I would also conclude that the professional services exclusion exempts TIE from a duty to indemnify VanPort. TIE amended its policy to include an exclusion for supervisory or inspection services rendered by engineers, architects, or surveyors. CP at 538. The exclusion stated:


This endorsement modifies insurance provided under the following:


This insurance does not apply to "bodily injury," "property damage," "personal injury" or "advertising injury" arising out of the rendering or failure to render any professional services by or for you, including:

1. The preparing, approving, or failure to prepare or approve maps, drawings, opinions, reports, surveys, change orders, designs, or specifications; and

2. Supervisory, inspection, or engineering services.


TIE asserts that "[t]hroughout the history of the coverage, TIE had identified VanPort as an engineering company, and therefore had argued that this exclusion applied to it." Suppl. Br. of Pet'r Truck Ins. Exch. at 10. This exclusion appears straightforward and would exclude TIE from insurance coverage for VanPort's consulting services. Therefore, I would conclude that even were we to determine that the CGL policy overall coverage applied, this and the other exclusions would exempt TIE from providing coverage.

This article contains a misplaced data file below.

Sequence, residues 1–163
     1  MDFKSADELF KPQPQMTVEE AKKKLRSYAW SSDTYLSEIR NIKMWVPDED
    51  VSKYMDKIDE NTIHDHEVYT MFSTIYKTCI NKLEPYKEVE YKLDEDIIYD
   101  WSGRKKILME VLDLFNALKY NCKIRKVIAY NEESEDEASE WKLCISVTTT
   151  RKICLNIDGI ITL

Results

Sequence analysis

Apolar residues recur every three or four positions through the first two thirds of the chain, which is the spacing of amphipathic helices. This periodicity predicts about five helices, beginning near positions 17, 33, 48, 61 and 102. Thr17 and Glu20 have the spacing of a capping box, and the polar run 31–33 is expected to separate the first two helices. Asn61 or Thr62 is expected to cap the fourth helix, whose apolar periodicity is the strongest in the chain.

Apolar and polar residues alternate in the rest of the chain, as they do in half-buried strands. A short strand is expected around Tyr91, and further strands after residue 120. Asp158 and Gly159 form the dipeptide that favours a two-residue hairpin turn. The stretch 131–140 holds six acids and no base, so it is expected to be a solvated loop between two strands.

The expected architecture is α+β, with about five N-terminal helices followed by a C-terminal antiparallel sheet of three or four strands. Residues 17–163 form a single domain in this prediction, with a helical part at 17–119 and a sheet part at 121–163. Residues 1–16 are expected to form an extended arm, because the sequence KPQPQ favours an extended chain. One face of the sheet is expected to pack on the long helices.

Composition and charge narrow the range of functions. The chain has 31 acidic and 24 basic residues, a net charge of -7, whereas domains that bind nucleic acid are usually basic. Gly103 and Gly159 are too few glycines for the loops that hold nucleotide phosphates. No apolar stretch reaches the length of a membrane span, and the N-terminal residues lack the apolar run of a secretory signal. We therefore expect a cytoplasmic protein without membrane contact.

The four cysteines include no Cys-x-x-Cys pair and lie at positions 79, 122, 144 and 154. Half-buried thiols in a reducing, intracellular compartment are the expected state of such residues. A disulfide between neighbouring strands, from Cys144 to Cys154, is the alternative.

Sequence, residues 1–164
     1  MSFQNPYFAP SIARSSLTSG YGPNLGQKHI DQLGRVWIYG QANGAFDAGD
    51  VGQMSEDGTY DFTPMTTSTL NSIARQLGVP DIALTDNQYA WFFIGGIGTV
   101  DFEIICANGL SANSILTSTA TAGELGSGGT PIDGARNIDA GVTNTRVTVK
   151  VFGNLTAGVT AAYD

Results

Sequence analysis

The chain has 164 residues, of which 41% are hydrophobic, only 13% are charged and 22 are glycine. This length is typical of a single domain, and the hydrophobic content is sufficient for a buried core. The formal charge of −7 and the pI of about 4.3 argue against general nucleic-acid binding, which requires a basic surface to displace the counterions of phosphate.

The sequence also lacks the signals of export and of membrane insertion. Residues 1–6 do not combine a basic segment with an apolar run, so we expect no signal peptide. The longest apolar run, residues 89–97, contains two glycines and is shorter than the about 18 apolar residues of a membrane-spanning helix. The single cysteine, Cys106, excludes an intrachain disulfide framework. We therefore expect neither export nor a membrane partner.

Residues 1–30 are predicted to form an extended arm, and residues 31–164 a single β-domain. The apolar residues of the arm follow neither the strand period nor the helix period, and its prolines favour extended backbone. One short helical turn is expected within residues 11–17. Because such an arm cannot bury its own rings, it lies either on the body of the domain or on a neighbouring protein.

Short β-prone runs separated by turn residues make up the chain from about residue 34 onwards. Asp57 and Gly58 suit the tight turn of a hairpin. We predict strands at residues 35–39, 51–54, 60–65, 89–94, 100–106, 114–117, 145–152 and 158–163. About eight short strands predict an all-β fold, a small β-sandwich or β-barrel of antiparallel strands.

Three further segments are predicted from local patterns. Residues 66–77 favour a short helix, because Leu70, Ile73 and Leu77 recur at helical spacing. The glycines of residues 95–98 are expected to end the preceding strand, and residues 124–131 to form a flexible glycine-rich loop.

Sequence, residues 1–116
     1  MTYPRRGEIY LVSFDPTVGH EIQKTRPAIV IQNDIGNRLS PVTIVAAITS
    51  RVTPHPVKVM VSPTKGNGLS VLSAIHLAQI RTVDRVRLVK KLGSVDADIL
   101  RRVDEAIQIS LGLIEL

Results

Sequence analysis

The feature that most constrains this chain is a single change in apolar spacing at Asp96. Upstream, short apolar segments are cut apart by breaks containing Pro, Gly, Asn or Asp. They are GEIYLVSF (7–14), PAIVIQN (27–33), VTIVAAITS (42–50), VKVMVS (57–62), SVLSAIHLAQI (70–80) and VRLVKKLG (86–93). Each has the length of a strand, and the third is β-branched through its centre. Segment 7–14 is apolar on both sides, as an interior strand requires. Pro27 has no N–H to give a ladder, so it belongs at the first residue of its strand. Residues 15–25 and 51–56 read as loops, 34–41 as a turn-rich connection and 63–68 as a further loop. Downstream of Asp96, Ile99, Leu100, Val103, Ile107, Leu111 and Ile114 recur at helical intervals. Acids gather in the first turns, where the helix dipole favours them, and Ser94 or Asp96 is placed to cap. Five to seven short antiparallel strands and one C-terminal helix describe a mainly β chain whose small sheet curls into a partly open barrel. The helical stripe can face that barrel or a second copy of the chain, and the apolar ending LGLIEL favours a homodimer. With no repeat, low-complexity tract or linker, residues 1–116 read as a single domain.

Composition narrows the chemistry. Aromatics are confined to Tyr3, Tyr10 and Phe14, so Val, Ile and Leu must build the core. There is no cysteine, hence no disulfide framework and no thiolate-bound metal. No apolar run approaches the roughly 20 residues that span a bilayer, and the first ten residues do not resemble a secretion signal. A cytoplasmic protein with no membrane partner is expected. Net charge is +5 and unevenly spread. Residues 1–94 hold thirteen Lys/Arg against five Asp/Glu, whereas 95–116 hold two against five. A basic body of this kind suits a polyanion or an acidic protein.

CP at 220, 246.

CP at 192.

III Bad Faith

On December 7, 1993, TIE sent a letter to VanPort denying both insurance coverage and its duty to defend based upon a list of policy exclusions, including those presented here. VanPort's attorneys requested a more detailed explanation of the denial, with a clarification of relevant facts or applicable law. In response, TIE instituted a declaratory judgment action against VanPort, its principals and the customers, seeking confirmation that it was not obligated to afford coverage. In response to this action, VanPort alleged bad faith for TIE's delayed reply and an alleged failure to investigate the customers' claims. The trial court agreed with VanPort's allegations.